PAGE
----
Watching a box set like this makes one wonder what would have happened if a similar code had been brought in for literature. In the UK the main fiction to suffer would probably have been Christine Campbell Thompson’s NOT AT NIGHT series, Charles Birkin’s CREEPS and of course the dear old PAN BOOK OF HORROR. Some would argue that this might not have been such a bad thing, but on the other hand without those stories I wouldn’t have become the horror fan that I am and consequently you wouldn’t be reading this now. But all of that is quite another story…

Friday 19 April 2013

The Lords of Salem (2013)

I’ve always found the films of Rob Zombie a bit of a mixed bag. While I admire his enthusiasm for the genre, I found THE DEVIL’S REJECTS impossible to like as it tried and failed to encourage me to find some sympathy with a bunch of degenerates with few redeeming features. Having watched it twice, I can also state that I think his remake of HALLOWEEN is disastrous as well. On the other hand, I loved the playfulness and outrageous carnival atmosphere of HOUSE OF 1000 CORPSES, and oddly enough I find his HALLOWEEN II a very interesting and worthwhile film (although it does help to pretend it has nothing to do with any kind of HALLOWEEN franchise).
LORDS OF SALEM, however, is absolutely marvellous.
Heavily criticised in some quarters for its over the top imagery and its lack of historical accuracy, I actually find it hard to believe that, in view of his oeuvre so far, anyone could now view a film by this director and expect a restrained, sensitive faithful account of anything, especially if it meant having to cut down on the gore, mayhem and general lunacy.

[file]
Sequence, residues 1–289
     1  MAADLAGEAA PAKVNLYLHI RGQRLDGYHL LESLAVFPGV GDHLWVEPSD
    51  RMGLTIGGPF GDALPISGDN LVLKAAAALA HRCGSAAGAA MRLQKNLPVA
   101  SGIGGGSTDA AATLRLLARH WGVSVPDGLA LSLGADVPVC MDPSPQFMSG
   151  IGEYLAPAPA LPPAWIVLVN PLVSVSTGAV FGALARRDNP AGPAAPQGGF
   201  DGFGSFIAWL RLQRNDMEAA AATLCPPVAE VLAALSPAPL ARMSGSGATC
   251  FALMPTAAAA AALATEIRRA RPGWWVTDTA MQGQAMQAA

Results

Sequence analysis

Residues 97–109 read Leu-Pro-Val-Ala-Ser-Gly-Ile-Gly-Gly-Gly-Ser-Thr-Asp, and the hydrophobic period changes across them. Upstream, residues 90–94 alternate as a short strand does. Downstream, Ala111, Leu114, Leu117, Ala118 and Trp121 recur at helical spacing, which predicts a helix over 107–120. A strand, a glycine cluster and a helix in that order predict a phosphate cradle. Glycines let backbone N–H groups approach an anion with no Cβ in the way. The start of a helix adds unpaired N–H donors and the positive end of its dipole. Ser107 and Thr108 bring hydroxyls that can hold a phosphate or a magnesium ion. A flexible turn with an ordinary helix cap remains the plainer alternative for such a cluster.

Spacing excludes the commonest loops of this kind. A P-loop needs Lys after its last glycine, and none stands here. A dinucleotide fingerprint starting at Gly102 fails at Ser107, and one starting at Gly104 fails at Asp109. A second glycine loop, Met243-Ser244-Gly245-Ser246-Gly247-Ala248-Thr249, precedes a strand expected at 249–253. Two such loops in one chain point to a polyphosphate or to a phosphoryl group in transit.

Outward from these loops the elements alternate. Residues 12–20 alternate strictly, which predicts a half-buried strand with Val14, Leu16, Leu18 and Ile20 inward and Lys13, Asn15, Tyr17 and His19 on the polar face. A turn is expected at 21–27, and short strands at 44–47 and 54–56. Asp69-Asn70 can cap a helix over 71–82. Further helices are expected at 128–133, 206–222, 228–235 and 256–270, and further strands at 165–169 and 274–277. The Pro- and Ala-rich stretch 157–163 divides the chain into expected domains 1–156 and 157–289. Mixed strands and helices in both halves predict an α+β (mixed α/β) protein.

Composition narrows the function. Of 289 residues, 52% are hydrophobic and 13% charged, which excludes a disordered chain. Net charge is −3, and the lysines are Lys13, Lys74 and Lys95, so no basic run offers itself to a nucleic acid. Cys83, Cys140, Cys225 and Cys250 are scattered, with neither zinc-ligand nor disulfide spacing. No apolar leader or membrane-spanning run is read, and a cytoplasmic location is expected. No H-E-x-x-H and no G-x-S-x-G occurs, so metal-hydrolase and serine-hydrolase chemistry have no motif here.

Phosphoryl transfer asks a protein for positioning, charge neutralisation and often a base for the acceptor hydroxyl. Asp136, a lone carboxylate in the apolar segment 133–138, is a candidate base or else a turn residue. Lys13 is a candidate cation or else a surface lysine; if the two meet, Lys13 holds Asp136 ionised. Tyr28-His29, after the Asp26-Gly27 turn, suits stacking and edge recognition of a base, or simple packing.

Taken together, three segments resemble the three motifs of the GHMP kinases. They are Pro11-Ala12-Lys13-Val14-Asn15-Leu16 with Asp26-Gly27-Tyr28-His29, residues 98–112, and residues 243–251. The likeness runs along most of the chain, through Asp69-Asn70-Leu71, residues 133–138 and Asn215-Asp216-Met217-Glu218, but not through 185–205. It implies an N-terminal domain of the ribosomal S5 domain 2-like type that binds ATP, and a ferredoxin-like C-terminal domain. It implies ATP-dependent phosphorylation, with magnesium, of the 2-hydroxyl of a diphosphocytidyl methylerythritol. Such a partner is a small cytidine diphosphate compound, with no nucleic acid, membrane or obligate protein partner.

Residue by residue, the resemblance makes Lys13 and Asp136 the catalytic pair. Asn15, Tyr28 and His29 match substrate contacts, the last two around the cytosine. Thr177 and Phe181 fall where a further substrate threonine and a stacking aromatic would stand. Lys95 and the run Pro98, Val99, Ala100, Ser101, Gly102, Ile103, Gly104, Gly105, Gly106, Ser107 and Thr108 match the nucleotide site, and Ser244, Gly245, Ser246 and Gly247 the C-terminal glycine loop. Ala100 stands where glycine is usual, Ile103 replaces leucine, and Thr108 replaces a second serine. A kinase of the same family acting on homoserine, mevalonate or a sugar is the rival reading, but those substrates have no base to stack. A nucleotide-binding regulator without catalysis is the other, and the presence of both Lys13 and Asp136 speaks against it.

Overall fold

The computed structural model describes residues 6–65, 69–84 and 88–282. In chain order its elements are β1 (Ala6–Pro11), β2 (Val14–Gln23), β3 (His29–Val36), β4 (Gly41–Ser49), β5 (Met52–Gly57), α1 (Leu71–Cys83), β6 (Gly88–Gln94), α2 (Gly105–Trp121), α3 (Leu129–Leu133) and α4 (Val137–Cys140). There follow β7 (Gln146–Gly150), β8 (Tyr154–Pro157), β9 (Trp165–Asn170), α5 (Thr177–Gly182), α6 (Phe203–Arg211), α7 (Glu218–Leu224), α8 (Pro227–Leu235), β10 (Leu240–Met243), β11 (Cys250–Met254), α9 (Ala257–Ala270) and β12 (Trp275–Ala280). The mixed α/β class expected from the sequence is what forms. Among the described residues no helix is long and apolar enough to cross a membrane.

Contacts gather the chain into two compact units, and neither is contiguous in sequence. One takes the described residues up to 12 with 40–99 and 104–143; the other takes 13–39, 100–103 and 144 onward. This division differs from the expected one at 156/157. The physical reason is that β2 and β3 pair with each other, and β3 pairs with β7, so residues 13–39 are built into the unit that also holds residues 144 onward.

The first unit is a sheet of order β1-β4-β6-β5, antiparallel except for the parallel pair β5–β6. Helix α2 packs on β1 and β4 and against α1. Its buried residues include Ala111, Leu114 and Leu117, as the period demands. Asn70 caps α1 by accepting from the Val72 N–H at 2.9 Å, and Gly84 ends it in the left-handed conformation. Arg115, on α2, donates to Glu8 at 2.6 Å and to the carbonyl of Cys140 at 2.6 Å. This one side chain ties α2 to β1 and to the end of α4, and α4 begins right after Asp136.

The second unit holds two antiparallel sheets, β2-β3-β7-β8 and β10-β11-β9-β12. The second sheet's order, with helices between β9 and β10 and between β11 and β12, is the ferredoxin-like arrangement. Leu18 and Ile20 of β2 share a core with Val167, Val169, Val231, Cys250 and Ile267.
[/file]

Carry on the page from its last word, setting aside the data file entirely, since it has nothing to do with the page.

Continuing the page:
Gleefully crazy, insanely over the top, and deliciously unnerving, Rob Zombie’s LORDS OF SALEM is what might have happened if Ken Russell in his heyday had directed a feature-length episode of Brian Clemens’ THRILLER TV series. Sheri Moon Zombie plays radio DJ Heidi. An LP is sent to her at her studio as a gift from ‘The Lords of Salem’. The music recorded on it is so simple and yet so gut-churningly effective it’s not surprising that once she plays it things start to take a turn for the weird, especially when it turns out that the boarding house where Heidi lives is also host to Judy Geeson, Dee Wallace and Patricia Quinn - three reincarnated witches burned at the stake at the time of the original Salem witch trials who have plans to bring back the rest of their coven (including an almost unrecognisable Meg Foster). As Heidi’s hallucinations begin to worsen the stage is (literally) set for the return of the Lords of Salem and it doesn’t look as if anything is going to be able to stop them.